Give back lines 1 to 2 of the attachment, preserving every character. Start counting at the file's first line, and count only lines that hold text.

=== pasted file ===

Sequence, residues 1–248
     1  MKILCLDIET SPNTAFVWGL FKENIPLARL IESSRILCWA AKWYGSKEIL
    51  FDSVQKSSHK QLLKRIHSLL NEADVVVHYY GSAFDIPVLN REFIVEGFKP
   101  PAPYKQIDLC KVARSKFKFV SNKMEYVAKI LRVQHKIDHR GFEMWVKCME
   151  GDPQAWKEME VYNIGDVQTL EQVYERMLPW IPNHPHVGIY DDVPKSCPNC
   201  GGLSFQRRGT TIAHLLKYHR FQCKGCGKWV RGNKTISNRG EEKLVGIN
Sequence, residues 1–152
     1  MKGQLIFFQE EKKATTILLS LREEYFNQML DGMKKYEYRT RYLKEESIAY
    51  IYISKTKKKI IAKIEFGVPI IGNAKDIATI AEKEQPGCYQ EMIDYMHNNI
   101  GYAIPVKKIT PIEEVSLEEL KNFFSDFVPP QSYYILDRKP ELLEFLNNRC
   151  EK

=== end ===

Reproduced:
Sequence, residues 1–248
     1  MKILCLDIET SPNTAFVWGL FKENIPLARL IESSRILCWA AKWYGSKEIL